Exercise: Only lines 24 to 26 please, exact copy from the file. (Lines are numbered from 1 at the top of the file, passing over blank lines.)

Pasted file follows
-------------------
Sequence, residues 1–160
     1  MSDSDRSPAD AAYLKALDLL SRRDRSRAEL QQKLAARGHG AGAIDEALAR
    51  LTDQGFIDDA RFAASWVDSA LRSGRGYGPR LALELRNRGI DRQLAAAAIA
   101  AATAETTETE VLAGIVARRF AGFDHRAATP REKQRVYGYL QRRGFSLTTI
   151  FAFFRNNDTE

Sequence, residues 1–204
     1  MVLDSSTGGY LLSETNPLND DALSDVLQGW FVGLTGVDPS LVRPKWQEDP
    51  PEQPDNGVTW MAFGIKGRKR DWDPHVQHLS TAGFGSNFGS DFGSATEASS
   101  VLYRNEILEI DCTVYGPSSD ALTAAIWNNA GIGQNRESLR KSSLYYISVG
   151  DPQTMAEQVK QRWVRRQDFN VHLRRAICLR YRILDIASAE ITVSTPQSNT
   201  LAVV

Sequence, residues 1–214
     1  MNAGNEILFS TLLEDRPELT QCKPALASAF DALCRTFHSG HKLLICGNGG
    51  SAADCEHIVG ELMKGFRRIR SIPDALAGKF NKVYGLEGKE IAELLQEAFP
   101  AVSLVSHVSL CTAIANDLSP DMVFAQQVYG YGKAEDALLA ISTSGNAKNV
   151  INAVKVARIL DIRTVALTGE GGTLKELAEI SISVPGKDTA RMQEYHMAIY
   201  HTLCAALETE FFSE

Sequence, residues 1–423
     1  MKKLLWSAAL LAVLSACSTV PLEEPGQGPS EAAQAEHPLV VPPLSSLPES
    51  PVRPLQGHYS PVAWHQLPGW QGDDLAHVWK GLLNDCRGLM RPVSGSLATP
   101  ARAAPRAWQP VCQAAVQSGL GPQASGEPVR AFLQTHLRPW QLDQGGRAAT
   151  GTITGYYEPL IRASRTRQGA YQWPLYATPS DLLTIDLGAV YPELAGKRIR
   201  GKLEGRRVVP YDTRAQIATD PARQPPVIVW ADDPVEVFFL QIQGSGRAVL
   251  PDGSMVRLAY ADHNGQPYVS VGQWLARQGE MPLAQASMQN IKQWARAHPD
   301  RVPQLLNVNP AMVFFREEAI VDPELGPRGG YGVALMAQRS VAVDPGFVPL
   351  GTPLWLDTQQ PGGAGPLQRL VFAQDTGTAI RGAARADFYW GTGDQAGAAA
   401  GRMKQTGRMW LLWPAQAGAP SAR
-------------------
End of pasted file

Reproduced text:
   251  PDGSMVRLAY ADHNGQPYVS VGQWLARQGE MPLAQASMQN IKQWARAHPD
   301  RVPQLLNVNP AMVFFREEAI VDPELGPRGG YGVALMAQRS VAVDPGFVPL
   351  GTPLWLDTQQ PGGAGPLQRL VFAQDTGTAI RGAARADFYW GTGDQAGAAA